Agree with this. The suggested English translation: "Everything is not so well" sounds really off to me as a native speaker. I would suggest that "Things are not so good." is a much more idiomatically natural phrase that (I think?) gets at the same idea. (Although just an intermediate Russian learner, so there may be some nuance of difference that I am missing; would really appreciate confirmation one way or the other.)
I'm a little confused by the English translation. Does this mean "Nothing is well" or "Not everything is well"? Usually English doesn't allow for a word like 'everything' and 'everyone' in the subject with a negative in the predicate so I am unsure how to translate the Russian. I put "Not everything is well" and it was incorrect. Thanks in advance! :)
In English good modifies a noun. Well modifies a verb. For example; I am good. I am doing well. I see a lot of comments asking about why not "well". "Хорошо means well ". Grammatically it would be wrong to say "well". ...I hope I didn't repeat someone's advice. There are so many comments I tried to read them all. :)
the translation sounds very awkward to me. And I am not sure, how it's meant. I mean, the Russian sentence might make perfect sence - but the English 'Everything is not so good' just feels unnatural.
Does it mean 'Everything is slightly bad' or 'Everything is FUBAR? or 'Not everything is good' (as in some things are good, but some aren't...) As far as I know you don't use 'everything' (as in 'all-including') with this kind of differentiated expression.
Well, that depends on whether Russian is your native language or not.
If you are not a native speaker,memorisation is your primary option. Unstressed A and O are pronounced exactly the same, save for a few special cases. If a word is pronounced correctly, you should not be able to hear which of the two is spelt there. On the other hand, most foreign learners will typically learn words from a written source, so spelling is what they see first.
Native kids are taught to check themselves against related words and other forms, and keep track of consistently spelt endings.
For example, место and окно are both neuter nouns, but место's ending is not stressed. We still spell it with an О. We also spell вода with and О. It is unstressed in the base form but very audible in its Accusative воду.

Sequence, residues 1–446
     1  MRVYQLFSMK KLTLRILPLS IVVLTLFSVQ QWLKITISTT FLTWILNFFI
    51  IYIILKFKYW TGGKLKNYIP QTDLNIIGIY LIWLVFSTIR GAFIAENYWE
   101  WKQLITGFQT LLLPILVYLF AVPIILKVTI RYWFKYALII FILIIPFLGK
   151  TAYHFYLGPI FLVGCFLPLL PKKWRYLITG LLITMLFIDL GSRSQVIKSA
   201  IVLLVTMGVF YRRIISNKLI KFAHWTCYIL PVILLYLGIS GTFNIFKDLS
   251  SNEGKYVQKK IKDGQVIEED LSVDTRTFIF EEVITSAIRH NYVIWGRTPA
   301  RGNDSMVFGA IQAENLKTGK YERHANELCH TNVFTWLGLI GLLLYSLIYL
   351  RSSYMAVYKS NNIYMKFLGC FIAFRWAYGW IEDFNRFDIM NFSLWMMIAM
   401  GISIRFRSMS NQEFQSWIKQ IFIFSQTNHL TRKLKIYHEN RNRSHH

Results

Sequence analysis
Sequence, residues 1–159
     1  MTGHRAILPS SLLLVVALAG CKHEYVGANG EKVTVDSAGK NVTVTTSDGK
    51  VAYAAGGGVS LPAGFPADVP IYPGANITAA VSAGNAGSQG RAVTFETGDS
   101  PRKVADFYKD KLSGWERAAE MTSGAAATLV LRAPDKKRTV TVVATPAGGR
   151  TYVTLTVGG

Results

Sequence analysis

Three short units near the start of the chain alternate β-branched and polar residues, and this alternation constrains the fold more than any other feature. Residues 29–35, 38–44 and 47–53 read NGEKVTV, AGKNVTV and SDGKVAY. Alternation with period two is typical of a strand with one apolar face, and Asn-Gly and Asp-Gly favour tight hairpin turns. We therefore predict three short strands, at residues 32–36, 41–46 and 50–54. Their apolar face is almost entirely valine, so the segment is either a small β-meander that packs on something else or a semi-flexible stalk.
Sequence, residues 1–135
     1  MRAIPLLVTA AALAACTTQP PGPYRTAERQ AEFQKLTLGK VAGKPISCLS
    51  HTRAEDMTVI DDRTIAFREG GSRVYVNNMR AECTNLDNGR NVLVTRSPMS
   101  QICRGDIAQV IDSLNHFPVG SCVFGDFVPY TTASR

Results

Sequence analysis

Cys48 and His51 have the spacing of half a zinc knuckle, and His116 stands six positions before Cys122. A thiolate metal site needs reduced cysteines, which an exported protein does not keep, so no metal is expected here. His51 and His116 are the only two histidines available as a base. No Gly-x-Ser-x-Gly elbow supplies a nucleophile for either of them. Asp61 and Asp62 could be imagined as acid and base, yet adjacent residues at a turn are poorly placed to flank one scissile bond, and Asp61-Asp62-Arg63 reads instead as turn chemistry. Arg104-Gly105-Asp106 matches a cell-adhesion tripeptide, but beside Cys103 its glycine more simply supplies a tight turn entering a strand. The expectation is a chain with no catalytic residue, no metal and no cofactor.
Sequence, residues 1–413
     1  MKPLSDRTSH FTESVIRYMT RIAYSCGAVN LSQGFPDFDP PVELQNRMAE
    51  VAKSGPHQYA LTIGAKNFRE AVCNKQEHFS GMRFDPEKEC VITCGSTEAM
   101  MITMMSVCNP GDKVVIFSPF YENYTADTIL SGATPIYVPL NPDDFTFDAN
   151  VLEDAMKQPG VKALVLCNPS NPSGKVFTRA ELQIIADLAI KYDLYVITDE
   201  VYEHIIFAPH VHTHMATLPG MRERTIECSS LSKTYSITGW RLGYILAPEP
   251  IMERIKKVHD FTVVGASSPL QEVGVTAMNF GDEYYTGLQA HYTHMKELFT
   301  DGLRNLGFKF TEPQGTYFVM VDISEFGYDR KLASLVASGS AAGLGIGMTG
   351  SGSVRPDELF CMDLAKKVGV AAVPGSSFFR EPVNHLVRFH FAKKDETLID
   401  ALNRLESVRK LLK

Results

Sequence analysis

We use spellings like молоко, берег, волосы, хорошо, голова, город, дорогой, оборона and so on because оро, оло, ере, еле, ело are attested fragments in native Russian words. Some of them are impossible to check in modern pronunciation but the historic spelling stuck.
Even then, quite a few words are impossible to check (also, Russian has its fair share of loanwords like тарелка, собака and ярмарка). I guess, this option is not for you anyway :).
many thanks indeed. my native language is French. i also have problems with the transliteration because I had started learning Russian some 40 years ago on a french basis and the transliteration is quite different from the english one, so many times I cannot finish the lessons !! I cannot type incyrillic because i don't understand how to install it. I can write it by hand quite fluently and I have not many problems to read it. I am 80 years old now.
Формально every означает "каждый". Everyone/everything ведут себя так же. Это единственное число.
По употреблению everyone / everything ближе к русским все / всё. По крайней мере, по-русски естественно звучит именно такой перевод (и получается, что все — множественное число, а всё — единственное):
- Where is everyone? = Где все?
- Everyone agrees. = Все согласны.
- I asked everybody. = Я спросил всех.
- She lost everything. = Она потеряла всё.
- Everything is fine. = Всё хорошо.